I recently read an impressive editorial article that meant to lay bare possible answers for “why do we (as software engineering researchers) usually publish scientific papers?”. Jeff Offutt listed four answers as follows: 1. yet another bullet in a C.V., 2. satisfaction of a local measure for getting a promotion, 3. having an impact on the other researchers in our community by producing implicit knowledge, 4. effectively solving relevant challenges in practices which our community practitioners are doing at the moment! Finally, he mentioned that in order to be effectively influential, we have to write papers that add value to the field, clearly presented and published in a right venue that our community care about. I as a researcher in software engineering field would like to add another possible answer to this question: sometimes in the middle of our research we need to hear back from our community whether we are at the right track or not. We might need their feedback on the spot when we are revising or presenting or conducting some experiments or later when they email you to ask something about it or want to hear recent developments regarding the main approach targeted in that paper or hopefully cite them in their research outcomes. At this stage, all the solution components of our research problem are not fully developed but they are somewhere in between progressing to reach the objectives that have been set. At this stage, these kinds of manuscripts don’t have any impact on our practice at all and the other motivations really shouldn’t make sense in fairly developed contexts. However, they are not totally out of the blue in all environments and communities! By the way, we are all human beings and need some motivations to cheer our research work up a bit 🙂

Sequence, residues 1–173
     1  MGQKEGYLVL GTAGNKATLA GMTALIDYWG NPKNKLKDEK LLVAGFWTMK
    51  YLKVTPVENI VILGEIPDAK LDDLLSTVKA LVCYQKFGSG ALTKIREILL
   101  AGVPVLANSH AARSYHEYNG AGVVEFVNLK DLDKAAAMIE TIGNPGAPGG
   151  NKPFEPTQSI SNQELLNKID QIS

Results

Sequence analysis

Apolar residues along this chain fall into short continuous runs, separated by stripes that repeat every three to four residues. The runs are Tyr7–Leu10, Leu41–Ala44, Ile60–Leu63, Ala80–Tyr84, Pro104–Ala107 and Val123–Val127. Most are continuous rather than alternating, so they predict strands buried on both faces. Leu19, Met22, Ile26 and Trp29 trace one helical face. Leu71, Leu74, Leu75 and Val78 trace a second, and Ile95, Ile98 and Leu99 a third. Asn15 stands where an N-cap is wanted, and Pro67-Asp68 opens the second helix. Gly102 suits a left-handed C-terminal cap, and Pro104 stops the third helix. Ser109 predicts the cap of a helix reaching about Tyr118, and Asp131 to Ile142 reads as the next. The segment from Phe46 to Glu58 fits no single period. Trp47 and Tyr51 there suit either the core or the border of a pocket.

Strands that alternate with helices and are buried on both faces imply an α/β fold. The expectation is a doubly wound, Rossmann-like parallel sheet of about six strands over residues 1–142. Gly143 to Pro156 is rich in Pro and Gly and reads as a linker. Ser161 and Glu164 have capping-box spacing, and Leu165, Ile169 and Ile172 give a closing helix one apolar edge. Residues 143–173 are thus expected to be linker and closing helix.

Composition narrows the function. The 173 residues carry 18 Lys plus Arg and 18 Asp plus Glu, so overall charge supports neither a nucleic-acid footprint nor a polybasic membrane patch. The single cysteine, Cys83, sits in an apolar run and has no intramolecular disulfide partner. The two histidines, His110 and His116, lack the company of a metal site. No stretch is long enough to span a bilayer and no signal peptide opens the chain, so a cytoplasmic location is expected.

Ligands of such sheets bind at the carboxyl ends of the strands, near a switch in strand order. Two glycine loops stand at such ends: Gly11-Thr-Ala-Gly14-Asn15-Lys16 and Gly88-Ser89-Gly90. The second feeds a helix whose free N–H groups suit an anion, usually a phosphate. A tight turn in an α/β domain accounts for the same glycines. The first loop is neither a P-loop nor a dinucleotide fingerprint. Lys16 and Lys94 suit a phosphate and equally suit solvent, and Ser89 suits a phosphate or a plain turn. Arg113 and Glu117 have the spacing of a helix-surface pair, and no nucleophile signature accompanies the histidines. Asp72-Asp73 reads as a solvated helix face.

The problem domain of service identification which is intrinsically included in the larger domain of service-oriented modeling has been put forward by pioneers of service-oriented and cloud computing namely Ali Arsanjani from IBM and Thomas Erl back in 2004.
From then, several researchers have been attempting to develop appropriate solutions for this problem area and according to a systematic review reported by Qing Gu and Patricia Lago (2010), service-oriented computing community researchers and practitioners have been proposed a vast majority of service identification methods which their key missions are determination of the scope of functionality a service exposes to meet business needs, and the boundaries between services to achieve maximum design measures. We proposed our first humble idea at International Conference on Services Computing (SCC) in 2008. Due to the heterogeneity of these methods, practitioners often face the difficulty of choosing a right service identification approach that copes with available resources and fits their needs. These methods rely heavily on the experiences of architects to direct them in the identification of services and architectural elements by descriptive qualitative guidelines. These service-identification methods have proved to be laborious and less productive, given the mere large scale of enterprises and the human limitations in comprehending the mostly non-quantitative and textual service requirements of such large enterprises while deriving proper services out of business models. Based on these challenges and opportunity for improving efficiency, we proposed a novel approach called ASIM (Automated Service Identification Method) for automatically identifying and partly specifying enterprise-level software services from business models using best practices and principles of model-driven software development. Based on these premises, the service identification problem, for which we proposed an automated method, could be formulated as follows: “How good service abstractions (at the right level of granularity) with acceptable technical metrics can be derived automatically from high-level business requirements and process models?”.
We have formulated the service identification as a multi-objective optimization problem and solved it by a novel meta-heuristic optimization algorithm that derives appropriate service abstractions by using appropriate quantitative measures for granularity, coupling, cohesion, reusability, and maintainability. ASIM helps architects to derive right architectural elements of service-oriented solutions that in turn lead to effective service models.